When choosing the right font for your brand, consider choosing two typefaces for your brand and using them consistently. The font for headings should be the largest and most expressive, and represent your brand persona. If you want to use a script, uppercase, or title font in your marketing materials, save those exclusively for headings as these typefaces aren’t easy to read in small or dense copy.
Subtitle fonts and body fonts should also be easy to read. A good tip for subtitles is to use the same font as your heading but at a smaller size or in a different style, such as bold or italic. Or, try increasing the letter spacing and using all capital letters. In general, you’ll want to aim for “typographic variance” to keep the layout and design from appearing flat and boring.
A brand logo is one of the most challenging, but important parts of your brand. How can you convey your brand’s mission, values, and personality in a single logo or wordmark?
Conduct a competitive analysis of top brands in your industry to see which brands stand out and why, and use these logo design tips to make sure you put in the effort where it counts.
Logo design best practices include:
Here’s Canva’s logo and wordmark that we use for our app icon.
Some brands choose to use their brand name, or an icon or symbol to represent their brand for social media accounts, app icons, or merchandise.
As you build your brand style guide, you need to spell out exactly how you want to communicate with your audience. This is the key to growth. If only a handful of folks on your marketing team know how to emulate your brand and capture your unique voice, you’ll limit your brand reach and burn out that smaller team.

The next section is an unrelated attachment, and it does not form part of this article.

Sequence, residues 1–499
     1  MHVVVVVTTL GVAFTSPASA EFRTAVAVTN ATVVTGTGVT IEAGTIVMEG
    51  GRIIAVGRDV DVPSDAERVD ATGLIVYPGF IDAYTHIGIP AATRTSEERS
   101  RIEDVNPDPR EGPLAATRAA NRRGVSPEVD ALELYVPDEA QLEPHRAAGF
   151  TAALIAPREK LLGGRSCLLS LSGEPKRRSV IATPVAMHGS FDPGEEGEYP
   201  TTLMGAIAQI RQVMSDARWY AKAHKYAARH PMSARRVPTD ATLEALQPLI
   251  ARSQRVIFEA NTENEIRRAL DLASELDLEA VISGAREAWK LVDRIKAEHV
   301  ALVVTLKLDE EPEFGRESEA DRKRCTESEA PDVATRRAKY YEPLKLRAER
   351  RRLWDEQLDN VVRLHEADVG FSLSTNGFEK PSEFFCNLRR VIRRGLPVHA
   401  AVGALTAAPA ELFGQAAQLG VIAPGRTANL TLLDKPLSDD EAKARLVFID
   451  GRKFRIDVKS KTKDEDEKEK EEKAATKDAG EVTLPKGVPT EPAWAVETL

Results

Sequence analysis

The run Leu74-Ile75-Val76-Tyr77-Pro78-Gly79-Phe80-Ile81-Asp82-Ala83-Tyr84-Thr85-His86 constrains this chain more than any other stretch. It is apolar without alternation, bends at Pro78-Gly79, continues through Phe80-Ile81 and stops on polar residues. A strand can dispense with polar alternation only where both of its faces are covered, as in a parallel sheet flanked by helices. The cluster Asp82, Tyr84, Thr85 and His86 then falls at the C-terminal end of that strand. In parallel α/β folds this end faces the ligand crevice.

Develop guidelines that include language dos and don’ts, formatting and style preferences, and adjectives that explain who your brand is and who your brand is not. Give exact examples of messaging, words to use, and projects that encapsulate your brand perfectly. Your brand style guide can be long and detailed for internal teams, but make a condensed version for external contractors or freelancers.
In order to land on the right tone for your branding, start by digging into the personality of your company.
Images and design elements will also set the tone for your brand. Ensure your assets and layout are consistent by using a style guide that dictates the types of filters, colors, or any other relevant specs.
Brand elements can include:
For example, it would be off-brand for a company like McKinsey to use similar brand elements to Glossier, a modern makeup brand. Glossier can embrace pinks, sparkles, and youthful photo edits. McKinsey can prioritize executive-facing, professional image treatments that speak to a more corporate audience.
Creating brand templates is one of the easiest ways to grow your reach online. And keep everyone aligned with your most up-to-date brand guidelines.
Maybe your optimization team has been testing CTAs and wants to implement the results of the latest analysis. Or you conducted a brand refresh with new colors or messaging. By maintaining a digital library or on-brand templates, you can make edits on the master file that are reflected for everyone using them. With Canva for Teams, you can even collaborate on files in real-time and skip lengthy approval workflows that slow down the creative marketing process.
Explore different styles of brand templates that you can customize for your own look and feel or use for inspiration as you organize your brand assets and resources.
Brand templates let anyone, with or without design experience, create on-brand designs for everything from presentations to business cards in just a few minutes.
Sometimes, the barrier to brand growth is simply that your marketing or brand team are the only ones with the right hex codes, fonts, and brand-approved images. The only thing that setup is doing is limiting your company from reaching more folks.
Having a well-defined brand identity helps you communicate: